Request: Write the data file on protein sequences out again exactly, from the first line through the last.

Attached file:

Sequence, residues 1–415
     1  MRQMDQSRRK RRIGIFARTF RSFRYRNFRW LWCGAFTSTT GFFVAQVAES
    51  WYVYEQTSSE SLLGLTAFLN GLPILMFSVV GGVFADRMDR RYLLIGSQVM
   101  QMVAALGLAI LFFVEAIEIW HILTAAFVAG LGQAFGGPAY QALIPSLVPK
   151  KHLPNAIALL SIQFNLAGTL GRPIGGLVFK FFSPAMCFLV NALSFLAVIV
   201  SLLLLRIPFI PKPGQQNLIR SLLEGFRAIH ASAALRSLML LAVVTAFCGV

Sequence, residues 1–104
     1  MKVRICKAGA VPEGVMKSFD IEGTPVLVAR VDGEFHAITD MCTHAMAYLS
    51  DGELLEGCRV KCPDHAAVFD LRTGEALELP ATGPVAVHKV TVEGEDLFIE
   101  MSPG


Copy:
Sequence, residues 1–415
     1  MRQMDQSRRK RRIGIFARTF RSFRYRNFRW LWCGAFTSTT GFFVAQVAES
    51  WYVYEQTSSE SLLGLTAFLN GLPILMFSVV GGVFADRMDR RYLLIGSQVM
   101  QMVAALGLAI LFFVEAIEIW HILTAAFVAG LGQAFGGPAY QALIPSLVPK
   151  KHLPNAIALL SIQFNLAGTL GRPIGGLVFK FFSPAMCFLV NALSFLAVIV
   201  SLLLLRIPFI PKPGQQNLIR SLLEGFRAIH ASAALRSLML LAVVTAFCGV

Sequence, residues 1–104
     1  MKVRICKAGA VPEGVMKSFD IEGTPVLVAR VDGEFHAITD MCTHAMAYLS
    51  DGELLEGCRV KCPDHAAVFD LRTGEALELP ATGPVAVHKV TVEGEDLFIE
   101  MSPG